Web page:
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29 October 2010

Get pillow smart

Thursday, 25 l 03 l 2010 ; Source: Mind Your Body, The StraitsTimes
By Stacey Chia

Investing in the right one can mean the difference between a good night’s sleep and waking up with neck ache. STACEY CHIA reports

Like most people, you probably spend about a third of your time in bed, so investing in the right pillow can be an asset to your health.

The right pillow can help you acquire better sleep and at the same time lower your risk of neck pain and headaches, said Dr Charles Siow, a consultant neurologist and pain specialist at Siow Neurology Headache and Pain Centre.

These aches and pains usually result from a lack of head and neck support from your pillow.

Dr Kenny Pang, the director of Pacific Sleep Centre, explained that the human neck curves slightly forward to take the weight of the head when upright and it is important that this curve is maintained while at rest.

Pillows help ensure that your head is kept in a neutral alignment.

This means that your head should not lean too far forward or backwards.

When buying a pillow, it is important to take into account your sleeping position, said Ms Karen Koh, a senior principal physiotherapist at the Singapore General Hospital (SGH).If you tend to sleep on your back, your pillow should be kept low so that your head and neck is fairly aligned with your body.

If you sleep on your side, you will need a higher pillow. Ms Koh said a higher pillow would be more suitable in maintaining the alignment as it fills the space between your head and the mattress.

Dr Kevin Lau, a chiropractor at Orchard Clinic, advised against sleeping on your stomach as it causes a strain on your back by exaggerating the arch at the base of your spine.

If you are particular about the type of pillow stuffing, Dr Lau recommends buying a memory foam pillow.

Such a pillow is said to reduce pressure points by moulding and adjusting itself as you move throughout the night, thus ensuring that your neck is always supported.

It is, however, not a necessity, he said.

Dr Lim Li Ning, the medical director of the Sleep Neurology and Sleep Centre agreed, adding that there is no good scientific evidence to support the use of one type of pillow over another.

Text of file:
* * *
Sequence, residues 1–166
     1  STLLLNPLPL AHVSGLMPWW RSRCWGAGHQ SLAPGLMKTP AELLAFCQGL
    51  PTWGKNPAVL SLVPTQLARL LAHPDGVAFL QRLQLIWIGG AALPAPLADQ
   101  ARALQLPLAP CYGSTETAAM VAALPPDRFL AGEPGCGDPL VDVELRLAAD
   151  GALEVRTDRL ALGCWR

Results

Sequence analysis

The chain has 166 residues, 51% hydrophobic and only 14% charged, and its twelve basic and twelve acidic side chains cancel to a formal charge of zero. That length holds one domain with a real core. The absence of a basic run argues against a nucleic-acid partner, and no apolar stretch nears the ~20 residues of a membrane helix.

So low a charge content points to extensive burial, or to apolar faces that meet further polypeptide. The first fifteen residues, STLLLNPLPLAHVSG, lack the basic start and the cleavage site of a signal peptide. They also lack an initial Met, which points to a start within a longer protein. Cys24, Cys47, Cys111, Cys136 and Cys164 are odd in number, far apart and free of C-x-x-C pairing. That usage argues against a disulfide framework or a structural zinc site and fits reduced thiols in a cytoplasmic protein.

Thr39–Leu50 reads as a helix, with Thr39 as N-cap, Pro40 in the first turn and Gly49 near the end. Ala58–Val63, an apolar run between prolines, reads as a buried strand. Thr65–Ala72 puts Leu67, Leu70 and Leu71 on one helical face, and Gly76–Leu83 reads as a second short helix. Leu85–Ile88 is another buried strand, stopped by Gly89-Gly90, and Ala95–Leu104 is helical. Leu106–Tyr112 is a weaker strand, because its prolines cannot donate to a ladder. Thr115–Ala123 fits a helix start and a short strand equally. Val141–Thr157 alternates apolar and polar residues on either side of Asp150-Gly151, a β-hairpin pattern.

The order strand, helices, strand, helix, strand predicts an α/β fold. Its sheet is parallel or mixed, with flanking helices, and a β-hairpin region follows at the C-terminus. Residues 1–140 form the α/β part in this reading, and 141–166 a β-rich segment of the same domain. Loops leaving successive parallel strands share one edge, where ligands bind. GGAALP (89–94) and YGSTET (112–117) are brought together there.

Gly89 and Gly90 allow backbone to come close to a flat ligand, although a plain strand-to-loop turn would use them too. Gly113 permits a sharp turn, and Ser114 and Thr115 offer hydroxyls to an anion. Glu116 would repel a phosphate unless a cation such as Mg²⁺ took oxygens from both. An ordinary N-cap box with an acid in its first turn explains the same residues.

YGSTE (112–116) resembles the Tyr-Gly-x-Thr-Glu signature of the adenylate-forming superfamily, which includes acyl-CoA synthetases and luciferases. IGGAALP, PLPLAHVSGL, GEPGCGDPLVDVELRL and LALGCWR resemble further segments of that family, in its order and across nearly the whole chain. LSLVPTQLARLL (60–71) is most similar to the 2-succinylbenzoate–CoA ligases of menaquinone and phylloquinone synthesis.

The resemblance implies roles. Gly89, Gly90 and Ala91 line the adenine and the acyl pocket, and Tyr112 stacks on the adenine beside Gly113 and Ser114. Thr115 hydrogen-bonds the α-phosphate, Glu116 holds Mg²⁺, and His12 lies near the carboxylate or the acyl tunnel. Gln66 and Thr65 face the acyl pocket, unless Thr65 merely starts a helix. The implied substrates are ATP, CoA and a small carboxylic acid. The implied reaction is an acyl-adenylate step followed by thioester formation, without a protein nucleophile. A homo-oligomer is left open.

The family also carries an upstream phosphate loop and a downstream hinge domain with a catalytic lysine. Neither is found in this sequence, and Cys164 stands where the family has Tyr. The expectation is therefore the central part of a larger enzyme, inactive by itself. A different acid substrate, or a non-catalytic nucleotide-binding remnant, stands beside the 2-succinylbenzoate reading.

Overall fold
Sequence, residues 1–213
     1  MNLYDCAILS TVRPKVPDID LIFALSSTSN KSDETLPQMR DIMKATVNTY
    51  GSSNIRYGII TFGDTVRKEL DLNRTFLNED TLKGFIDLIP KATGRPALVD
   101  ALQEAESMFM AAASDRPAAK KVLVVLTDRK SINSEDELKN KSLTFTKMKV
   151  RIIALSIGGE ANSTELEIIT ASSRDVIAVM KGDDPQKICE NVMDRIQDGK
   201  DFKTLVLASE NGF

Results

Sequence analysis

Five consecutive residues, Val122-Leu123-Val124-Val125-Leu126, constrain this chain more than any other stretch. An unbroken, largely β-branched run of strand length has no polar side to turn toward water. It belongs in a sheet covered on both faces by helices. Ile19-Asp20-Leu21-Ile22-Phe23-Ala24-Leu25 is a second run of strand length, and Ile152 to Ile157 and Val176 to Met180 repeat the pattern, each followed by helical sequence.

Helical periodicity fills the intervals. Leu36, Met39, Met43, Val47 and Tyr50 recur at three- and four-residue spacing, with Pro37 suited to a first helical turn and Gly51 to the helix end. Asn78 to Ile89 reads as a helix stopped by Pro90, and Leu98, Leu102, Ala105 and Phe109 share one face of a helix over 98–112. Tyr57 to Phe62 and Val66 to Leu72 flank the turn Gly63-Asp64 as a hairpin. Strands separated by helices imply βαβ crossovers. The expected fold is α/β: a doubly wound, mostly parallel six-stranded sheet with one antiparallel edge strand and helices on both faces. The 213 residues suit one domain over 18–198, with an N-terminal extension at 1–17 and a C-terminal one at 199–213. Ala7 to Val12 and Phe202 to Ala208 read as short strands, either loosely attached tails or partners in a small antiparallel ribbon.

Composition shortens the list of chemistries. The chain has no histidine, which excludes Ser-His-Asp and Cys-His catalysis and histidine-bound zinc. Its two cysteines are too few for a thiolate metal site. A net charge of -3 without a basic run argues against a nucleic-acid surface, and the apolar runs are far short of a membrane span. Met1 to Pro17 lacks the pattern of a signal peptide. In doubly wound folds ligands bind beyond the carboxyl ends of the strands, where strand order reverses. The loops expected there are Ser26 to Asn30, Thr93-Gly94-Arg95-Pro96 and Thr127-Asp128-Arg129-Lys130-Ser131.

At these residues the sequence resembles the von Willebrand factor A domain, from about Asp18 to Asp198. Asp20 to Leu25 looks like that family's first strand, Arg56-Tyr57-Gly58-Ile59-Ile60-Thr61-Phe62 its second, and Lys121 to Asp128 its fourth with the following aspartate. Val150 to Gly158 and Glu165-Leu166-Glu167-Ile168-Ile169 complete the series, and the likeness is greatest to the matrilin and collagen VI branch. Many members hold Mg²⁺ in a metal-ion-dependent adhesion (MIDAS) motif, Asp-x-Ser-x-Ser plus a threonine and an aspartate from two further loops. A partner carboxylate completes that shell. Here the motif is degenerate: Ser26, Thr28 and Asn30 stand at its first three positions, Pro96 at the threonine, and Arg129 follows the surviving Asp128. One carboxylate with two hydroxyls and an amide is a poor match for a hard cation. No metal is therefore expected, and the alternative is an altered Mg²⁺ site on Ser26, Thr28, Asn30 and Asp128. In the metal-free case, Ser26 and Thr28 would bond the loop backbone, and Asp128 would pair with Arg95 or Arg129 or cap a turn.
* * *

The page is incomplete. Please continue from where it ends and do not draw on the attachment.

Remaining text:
“Most people can sleep on any type of pillow depending on their preference and no special stuffing is needed,” said Dr Lim.

Dr Lau said that pillows to avoid are those stuffed with feathers as they tend to lose firmness over time and become too flat to provide sufficient support.

Dr Pang said: “A large part of what makes a good pillow is personal preference. If the pillow feels comfortable, it is likely to help one become relaxed and thus get a good night’s sleep.”

25 October 2010

When is a Placebo Not Really a Placebo? Maybe More Often Than You Think

By Katherine Hobson

When you read in a study that a drug performed better or worse than a placebo, you probably don’t give much thought to whether the ingredients of the placebo had anything to do with the results.

Beatrice Golomb, an associate professor of medicine at the University of California, San Diego, School of Medicine, was researching cholesterol when she came across some older drug studies that actually said what was in the dummy pills — corn oil and olive oil, which of course we know now may have their own cholesterol-fighting properties. Study researchers noticed that the mortality rate in the control group was unexpectedly low, and that the drug being studied showed no improvement over the placebo, but they didn’t connect the dots and hypothesize that the placebo might actually have been helping.

“We hear the word ‘placebo’ and think ‘inert,’” even though there no known substances that are completely physiologically inert, Golomb tells the Health Blog. Even “filler” ingredients that pass through the body without being absorbed can have effects, say, by also preventing other things from being absorbed, she says.

Substances in placebos can also bias findings in favor of the drug being studied, she says, pointing to a study of a drug aimed at helping cancer patients keep weight on. The placebo included lactose, and cancer patients are prone to lactose intolerance, leading to increased GI symptoms in the control group. That may have made the drug look better than it was, she says.

There are no regulations on what goes into placebos, and very few studies actually report the composition of dummy pills or capsules: just 8.2% of the two years’ worth of studies published in four major medical journals that Golomb and colleagues combed through. The results of their research appear in Annals of Internal Medicine. For all placebos, including injections and other treatments, the disclosure rate was 26.7%.

“There’s a lot of attention paid to making them look and taste similar, but there’s very little attention paid to the actual ingredients,” she says. The placebo and nocebo effects (the latter is when a study subject reports ill effects from a supposedly inert dummy pill) get chalked up to patient suggestibility rather than possible physiological effects, she says.

Given that there’s no perfectly inert placebo, Golomb and her co-authors suggest that disclosure is key and call for major journals to lead the way by instituting a reporting requirement. “We can just accept that among the range of things that are never perfect in a clinical trial, placebos are seldom perfect,” she says.

Clarification: Golomb is an associate professor of medicine in the division of general internal medicine at UCSD School of Medicine. A previous version of this post referred imprecisely to her title.